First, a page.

Oral Histories

Interview of Randy Edmonds (2011)

Kiowa and Caddo. Came to Los Angeles as part of the American Indian Relocation.
Series:
American Indian Relocation Project
Topic:
American Indian History
Interviewer:
Duarte, Meredith
Interviewee:
Edmonds, Randy
Persons Present:
Edmonds and Duarte.
Place Conducted:
San Diego, California.
Supporting Documents:
Records relating to the interview are located in the office of the UCLA Library's Center for Oral History.
Interviewer Background and Preparation:
The interview was conducted by Meredith Duarte; M.A., American Indian Studies, UCLA.
Processing of Interview:
The interviewer prepared a timed log of the audio recording of the interview. Edmonds was given the opportunity to review the log in order to supply missing or misspelled names and to verify the accuracy of the content but made no changes.
Length:
1 hr.
Language:
English
Copyright:
Regents of the University of California, UCLA Library.
Audio:
Series Statement:
These interviews document the experience of American Indians who came to Los Angeles as part of the Bureau of Indian Affairs' urban relocation program in the 1950s and 1960s. The initial interviews were conducted by students in Professor Peter Nabokov's American Indian Studies 200A class. The Center for Oral History Research then conducted additional interviews to expand on those first student interviews.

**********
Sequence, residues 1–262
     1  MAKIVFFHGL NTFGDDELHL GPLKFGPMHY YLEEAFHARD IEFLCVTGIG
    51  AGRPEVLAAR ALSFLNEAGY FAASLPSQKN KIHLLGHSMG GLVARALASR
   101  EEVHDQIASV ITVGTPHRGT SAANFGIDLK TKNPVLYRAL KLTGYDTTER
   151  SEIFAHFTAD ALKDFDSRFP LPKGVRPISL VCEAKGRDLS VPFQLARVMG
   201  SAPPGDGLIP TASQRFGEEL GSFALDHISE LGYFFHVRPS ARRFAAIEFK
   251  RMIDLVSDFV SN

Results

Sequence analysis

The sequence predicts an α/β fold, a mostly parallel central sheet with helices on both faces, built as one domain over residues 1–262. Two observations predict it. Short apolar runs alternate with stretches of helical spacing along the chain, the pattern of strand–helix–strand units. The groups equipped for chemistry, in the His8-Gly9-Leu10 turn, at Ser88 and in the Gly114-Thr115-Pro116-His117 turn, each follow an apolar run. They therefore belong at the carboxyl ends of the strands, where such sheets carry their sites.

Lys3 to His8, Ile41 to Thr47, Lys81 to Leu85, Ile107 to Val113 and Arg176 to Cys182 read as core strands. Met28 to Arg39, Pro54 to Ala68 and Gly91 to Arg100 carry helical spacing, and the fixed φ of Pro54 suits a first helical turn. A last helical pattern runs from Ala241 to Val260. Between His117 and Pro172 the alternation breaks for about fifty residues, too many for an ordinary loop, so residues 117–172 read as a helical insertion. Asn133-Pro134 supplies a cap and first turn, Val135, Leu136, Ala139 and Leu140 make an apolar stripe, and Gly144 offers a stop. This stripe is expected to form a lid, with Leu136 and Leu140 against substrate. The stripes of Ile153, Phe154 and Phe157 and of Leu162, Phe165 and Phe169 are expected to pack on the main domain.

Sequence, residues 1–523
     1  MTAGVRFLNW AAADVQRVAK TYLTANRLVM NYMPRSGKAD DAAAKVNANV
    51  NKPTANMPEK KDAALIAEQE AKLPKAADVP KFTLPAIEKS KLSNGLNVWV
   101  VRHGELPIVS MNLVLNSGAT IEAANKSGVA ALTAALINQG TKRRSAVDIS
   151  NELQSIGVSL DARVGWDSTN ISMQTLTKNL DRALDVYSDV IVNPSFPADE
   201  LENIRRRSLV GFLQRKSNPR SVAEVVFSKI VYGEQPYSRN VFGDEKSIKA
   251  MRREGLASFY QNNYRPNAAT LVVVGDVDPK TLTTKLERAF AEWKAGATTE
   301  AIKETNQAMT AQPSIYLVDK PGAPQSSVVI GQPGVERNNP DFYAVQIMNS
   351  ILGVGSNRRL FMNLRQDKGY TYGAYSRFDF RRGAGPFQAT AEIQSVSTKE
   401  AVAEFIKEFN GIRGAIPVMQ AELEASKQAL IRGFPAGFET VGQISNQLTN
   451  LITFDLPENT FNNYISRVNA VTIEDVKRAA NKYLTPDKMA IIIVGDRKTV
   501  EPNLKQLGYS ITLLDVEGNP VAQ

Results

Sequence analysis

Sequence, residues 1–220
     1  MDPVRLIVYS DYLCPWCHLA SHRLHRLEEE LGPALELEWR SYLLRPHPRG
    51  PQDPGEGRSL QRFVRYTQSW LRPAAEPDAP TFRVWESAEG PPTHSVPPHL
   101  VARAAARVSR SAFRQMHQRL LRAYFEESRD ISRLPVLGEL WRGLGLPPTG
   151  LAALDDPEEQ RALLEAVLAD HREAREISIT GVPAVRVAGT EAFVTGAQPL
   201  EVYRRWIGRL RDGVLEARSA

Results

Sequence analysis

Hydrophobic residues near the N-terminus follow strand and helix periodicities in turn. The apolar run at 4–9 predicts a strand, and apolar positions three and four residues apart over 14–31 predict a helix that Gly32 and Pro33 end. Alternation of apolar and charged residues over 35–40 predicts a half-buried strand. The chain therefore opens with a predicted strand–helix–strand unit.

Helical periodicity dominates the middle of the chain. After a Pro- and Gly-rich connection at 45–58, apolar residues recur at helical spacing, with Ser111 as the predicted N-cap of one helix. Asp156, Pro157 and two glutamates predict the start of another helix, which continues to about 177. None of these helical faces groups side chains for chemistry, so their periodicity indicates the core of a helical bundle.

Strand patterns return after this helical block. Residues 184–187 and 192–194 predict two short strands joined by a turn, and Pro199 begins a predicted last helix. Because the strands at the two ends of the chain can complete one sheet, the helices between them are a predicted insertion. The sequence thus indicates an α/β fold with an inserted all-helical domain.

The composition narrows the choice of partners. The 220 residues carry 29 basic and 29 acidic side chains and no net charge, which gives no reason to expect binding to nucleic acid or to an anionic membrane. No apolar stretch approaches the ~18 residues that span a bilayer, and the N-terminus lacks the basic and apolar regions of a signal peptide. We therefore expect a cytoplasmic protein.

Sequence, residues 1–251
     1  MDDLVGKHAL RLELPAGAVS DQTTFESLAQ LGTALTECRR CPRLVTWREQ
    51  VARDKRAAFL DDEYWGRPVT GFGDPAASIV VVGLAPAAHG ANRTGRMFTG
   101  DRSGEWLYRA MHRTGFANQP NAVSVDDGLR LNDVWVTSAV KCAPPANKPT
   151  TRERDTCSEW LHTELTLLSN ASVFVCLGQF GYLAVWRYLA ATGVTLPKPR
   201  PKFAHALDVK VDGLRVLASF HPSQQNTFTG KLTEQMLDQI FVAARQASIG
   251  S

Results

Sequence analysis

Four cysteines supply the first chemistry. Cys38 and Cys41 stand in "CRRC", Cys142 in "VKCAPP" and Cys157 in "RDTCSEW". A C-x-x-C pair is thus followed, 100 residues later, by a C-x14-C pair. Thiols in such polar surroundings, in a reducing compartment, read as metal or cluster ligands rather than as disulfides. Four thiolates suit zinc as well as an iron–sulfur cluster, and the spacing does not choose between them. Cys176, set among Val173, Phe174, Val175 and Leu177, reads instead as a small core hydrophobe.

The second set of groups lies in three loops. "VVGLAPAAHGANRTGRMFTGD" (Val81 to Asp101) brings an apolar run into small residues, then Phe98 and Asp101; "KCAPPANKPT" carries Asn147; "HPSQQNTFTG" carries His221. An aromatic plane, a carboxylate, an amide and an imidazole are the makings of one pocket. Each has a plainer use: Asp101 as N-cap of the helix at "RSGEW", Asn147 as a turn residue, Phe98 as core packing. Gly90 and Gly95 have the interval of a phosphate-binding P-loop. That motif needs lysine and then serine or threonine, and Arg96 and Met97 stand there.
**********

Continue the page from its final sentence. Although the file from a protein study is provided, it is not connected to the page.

Where and when Randy was born — Explanation of shift from life in Kiowa country to Caddo country — Boarding school at Riverside Indian School in Anadarko, OK -- Arkansas State College -- Marriage and first daughter — Explanation of relocation program and decision to go to Los Angeles — Description of travels to Los Angeles from Oklahoma and arrival at the destination office in Los Angeles — Bureau of Indian Affairs (BIA) school assignment — BIA work assignment at Northrop Aircraft Dept 5437 and 5 years with Northrop — BIA-assisted move from Los Angeles to Inglewood— Return to BIA office after layoff at Northrop for new work assignment at United States Gypsum Company and 12 years with the company — Establishment of American Indian Athletic Association and description of life amongst other relocatees in Los Angeles — Decision for wife to go to school and get a job forces the couple to send their first daughter back to Oklahoma — Establishment of an American Indian presence in Los Angeles through Indian Center, Indian clinics, and Native American Student Associations on university campuses — Growth of American Indian population and the development of American Indian-run organizations like the Model Urban Indian Center Project to provide services for American Indians — Explanation of relocatee retention rates and decisions to return to reservation life — Emergence of the pow wow system. Establishment of the Drum and Feather Club to teach traditional ways that were lost in the move — Discussion of the "Urban Indian" — Contact and relationship between relocatees and their families back on the reservation or back home -- Few trips back home to visit his father — Quality of life in the Indian community and on reservations versus in urban centers -- Indian-run businesses — Director of Los Angeles Indian Center in 1973 and establishment of relocation program for solo Indian parents -- Transfer of BIA programs to Indian-run organizations — Description of successes and losses of the relocation program — Contact and tensions between local California Indians and reservation Indians -- Establishment of Cultural Days in Balboa Park — Evaluations of the relocation program — Role of church centers in urban areas — Educational opportunities for relocatees — Prejudice in the urban centers that relocatees faced — Differences between the female and male experience with relocation — Personal evaluation of the relocation programs -- Successes and losses.